30 January 2010

Semmelknödel. Bavarian bread dumplings.

When I was 12 years old, my family moved to Bavaria. Before that I only knew Semmelknödel as a side for special occasions, eg the roast turkey on Christmas. But it was the pre-packaged stuff that came in individual plastic bubbles and that only tasted good when you spooned a LOT of gravy on top. But in Bavaria, those bread dumplings are served with almost any kind of roast that comes with a dark sauce. Most commonly: roast pork with dark stout sauce. And the vegetarian version: with mushroom sauce - more on that next week. Other great combinations are pot roast and goulash (that's my favorite combination). After a while, my mom got to know some people better and one lady showed her how simple those bread dumplings are.

This is the best part: When you have leftover dumplings, cut them into thin slices and fry them in butter until they are brown and crusty on both sides. Serve either with herb butter, sour cream or - according to my husband - ketchup. That's why I never half the recipe although we're only 2 eaters.

23 January 2010

Sauerbraten. With the brine, you're halfway there.

Sauerbraten is a very traditional German roast, the sweet and sour brother of the pot roast. And to make it, just put the meat into the brine for a couple of days (check and turn over every day) and then follow the directions for pot roast, but instead of the wine and onions, use the brine. And when making the sauce, add a handful of raisins and almond slivers. And then you'll have a very nice dish that goes very nicely with potato dumplings or spaetzle.

Of course you can also use this brine for any other kind of meat, especially venison and other game would work pretty fine.

16 January 2010

Beef and Guinness Stew Pie. Sort of.

My dad went for a business trip to Zwickau - that's in the Eastern part of Germany. And he brought back several bottles of "Mauritius" beer. And it was very tasty stuff. Dark, slightly sweet, not too bitter. As I stayed with my parents over new year's, we drank quite a bit and suddenly I was remembering the taste of Guinness in the Irish Pub in Auckland, New Zealand. And my husband's tales of the pub in Hamilton, where he had a dish called "Beef in Guinness", a very dark, rich stew with fork-tender meat, served with garlic bread and - of course - a pint of Guinness. And so we made "Beef and Guinness" the next day, but with Mauritius. While we were cooking, my mom remebered having eaten pot pies on a trip to UK - and so we covered the stew with flaky pastry. The perfect winter food - and with the perfect timing, as it just stared to snow...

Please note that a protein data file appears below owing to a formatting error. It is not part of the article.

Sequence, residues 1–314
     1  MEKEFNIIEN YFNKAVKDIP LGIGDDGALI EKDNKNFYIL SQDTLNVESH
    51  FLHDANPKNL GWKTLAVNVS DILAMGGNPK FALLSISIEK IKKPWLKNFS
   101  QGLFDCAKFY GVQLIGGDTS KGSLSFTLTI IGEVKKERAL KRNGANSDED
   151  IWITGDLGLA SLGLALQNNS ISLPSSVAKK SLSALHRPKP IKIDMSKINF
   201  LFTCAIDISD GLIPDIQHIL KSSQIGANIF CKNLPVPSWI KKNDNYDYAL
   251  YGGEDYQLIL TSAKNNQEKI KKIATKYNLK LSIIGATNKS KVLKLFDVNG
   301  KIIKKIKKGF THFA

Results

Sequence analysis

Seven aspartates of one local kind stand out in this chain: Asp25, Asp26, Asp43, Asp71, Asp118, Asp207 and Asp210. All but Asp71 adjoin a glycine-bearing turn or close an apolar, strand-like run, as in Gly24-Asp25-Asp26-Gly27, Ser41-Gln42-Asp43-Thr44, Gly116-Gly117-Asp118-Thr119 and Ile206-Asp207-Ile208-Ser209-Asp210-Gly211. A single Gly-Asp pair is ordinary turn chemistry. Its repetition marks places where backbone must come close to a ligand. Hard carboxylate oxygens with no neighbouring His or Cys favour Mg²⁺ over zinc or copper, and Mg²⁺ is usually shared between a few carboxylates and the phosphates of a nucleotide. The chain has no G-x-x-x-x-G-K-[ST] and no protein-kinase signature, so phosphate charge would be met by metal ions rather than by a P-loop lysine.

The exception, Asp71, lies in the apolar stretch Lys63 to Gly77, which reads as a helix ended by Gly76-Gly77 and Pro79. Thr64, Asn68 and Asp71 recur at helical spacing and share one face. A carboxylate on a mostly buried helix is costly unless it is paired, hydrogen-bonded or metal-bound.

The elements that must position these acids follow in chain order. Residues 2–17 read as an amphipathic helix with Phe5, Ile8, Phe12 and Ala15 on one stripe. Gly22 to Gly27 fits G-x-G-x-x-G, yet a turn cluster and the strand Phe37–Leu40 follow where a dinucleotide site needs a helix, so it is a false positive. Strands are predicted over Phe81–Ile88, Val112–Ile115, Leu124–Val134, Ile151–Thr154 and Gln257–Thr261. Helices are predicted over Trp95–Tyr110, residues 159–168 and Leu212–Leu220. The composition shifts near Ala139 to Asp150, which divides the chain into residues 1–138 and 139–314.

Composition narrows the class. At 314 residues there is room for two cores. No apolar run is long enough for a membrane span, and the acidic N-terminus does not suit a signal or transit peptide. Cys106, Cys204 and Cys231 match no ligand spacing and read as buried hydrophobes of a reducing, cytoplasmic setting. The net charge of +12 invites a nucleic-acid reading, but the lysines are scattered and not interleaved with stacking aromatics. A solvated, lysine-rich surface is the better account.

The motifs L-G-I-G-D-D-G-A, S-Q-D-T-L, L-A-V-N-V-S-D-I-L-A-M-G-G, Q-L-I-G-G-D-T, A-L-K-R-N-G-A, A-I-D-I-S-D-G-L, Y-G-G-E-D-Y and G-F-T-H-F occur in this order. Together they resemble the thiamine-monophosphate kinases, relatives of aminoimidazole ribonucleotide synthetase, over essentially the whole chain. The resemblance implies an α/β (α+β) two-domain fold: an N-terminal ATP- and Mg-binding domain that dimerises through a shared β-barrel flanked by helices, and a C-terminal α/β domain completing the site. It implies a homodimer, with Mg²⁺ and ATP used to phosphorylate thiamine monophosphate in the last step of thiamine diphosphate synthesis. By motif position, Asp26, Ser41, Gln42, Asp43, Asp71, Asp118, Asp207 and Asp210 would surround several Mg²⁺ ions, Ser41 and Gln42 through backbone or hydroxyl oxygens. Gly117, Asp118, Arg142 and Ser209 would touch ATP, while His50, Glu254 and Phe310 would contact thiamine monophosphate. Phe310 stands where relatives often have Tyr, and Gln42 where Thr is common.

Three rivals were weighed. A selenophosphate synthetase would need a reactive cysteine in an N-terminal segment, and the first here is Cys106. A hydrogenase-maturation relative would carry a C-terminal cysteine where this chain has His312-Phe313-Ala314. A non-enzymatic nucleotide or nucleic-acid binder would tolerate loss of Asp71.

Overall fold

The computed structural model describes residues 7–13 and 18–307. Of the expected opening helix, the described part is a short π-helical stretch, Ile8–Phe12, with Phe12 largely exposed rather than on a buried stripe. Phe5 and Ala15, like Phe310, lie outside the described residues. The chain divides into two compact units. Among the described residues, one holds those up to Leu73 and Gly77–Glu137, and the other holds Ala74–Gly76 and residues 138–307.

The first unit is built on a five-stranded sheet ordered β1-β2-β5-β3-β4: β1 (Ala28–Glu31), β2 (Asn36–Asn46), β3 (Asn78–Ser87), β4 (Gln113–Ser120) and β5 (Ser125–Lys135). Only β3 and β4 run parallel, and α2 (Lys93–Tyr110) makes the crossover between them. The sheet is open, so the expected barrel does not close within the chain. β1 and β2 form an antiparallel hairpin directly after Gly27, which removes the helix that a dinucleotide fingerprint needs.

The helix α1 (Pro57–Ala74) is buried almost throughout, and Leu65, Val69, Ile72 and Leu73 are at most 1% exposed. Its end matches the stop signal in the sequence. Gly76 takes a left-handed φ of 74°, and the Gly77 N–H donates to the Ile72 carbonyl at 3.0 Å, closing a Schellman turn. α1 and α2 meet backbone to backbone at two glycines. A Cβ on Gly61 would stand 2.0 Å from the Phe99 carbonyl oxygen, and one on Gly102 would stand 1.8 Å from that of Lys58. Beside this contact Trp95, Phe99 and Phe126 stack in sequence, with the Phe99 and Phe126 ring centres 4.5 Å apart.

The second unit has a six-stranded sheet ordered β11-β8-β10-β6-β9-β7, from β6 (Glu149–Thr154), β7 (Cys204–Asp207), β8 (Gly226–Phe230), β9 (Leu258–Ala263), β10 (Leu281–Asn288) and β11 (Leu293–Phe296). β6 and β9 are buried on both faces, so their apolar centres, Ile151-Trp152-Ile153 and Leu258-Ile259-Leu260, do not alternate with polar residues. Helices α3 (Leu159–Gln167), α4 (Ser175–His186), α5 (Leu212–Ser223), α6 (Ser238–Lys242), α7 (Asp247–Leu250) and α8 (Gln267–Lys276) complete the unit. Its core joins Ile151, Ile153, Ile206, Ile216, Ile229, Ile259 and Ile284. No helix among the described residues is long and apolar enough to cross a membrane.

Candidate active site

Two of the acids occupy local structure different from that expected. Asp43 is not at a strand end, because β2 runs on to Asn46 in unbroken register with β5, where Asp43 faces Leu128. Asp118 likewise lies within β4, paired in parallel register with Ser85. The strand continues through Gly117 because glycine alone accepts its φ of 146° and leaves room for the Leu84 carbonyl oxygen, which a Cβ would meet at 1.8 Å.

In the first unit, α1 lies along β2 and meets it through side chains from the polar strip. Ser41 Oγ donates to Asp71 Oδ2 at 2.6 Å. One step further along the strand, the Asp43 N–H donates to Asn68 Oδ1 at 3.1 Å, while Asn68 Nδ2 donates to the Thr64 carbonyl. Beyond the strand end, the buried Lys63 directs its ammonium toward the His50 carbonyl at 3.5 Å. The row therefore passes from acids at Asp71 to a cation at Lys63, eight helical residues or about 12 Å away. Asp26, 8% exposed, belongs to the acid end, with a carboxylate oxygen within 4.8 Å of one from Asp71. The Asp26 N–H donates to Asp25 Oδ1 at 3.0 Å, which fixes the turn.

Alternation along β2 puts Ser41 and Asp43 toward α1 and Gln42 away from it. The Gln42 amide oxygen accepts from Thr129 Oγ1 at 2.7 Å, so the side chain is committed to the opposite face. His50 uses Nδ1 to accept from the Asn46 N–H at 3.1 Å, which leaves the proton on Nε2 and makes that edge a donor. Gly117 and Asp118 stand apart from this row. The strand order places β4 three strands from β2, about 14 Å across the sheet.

10 January 2010

Chorizo and Potatoes. Minimalistic in every way.

When I visited Spain some time ago, we went into a tapas bar. At first, I thought: "Do I really want to eat here?" It was really dark, from the ceiling were hanging dozens of whole hams, the interior was shabby and the floor was covered with used toothpicks. But at a closer look, all the people inside were having a good time, the whole 10 meters of the bar top were laden with snacks of all kinds and it all smelled incredibly good. So we ordered some sherry and took from the bar what we liked. We had planned to eat dinner afterward, but we came out of the bar feeling slightly tipsy and incredibly full.

One of the classic tapas is chorizo and potatoes cooked together and you won't believe how easy this is. It tastes complex, the sauce looks like it has been cooked for hours and it warms your soul. But all you need is found in all kitchens, even that of a student that has just moved in. As for cooking skills: if you can hold a knife and know how to turn up the heat on your stovetop, you're good to go.

02 January 2010

Lasagna. Brings back childhood memories.

My mom learned to cook with an Italian family. So in my childhood, many of the everyday dishes were Italian - like pasta, gnocchi or risotto. Lasagna being - as it is rather labor intensive - a treat for special occasions. Plus, 25 years ago in Germany, there simply weren't any lasagna sheets to buy in the supermarkets. So my mom also made the pasta sheets from scratch.

And this is what the perfect lasagna looks like - at least in my opinion: 5 to 6 layers of pasta, thick beef sugo, a savoury Béchamel sauce and a thick, cheesy crust. No 1000 layers of dough, no ham slices and no pools of aurora sauce. But maybe that's just me...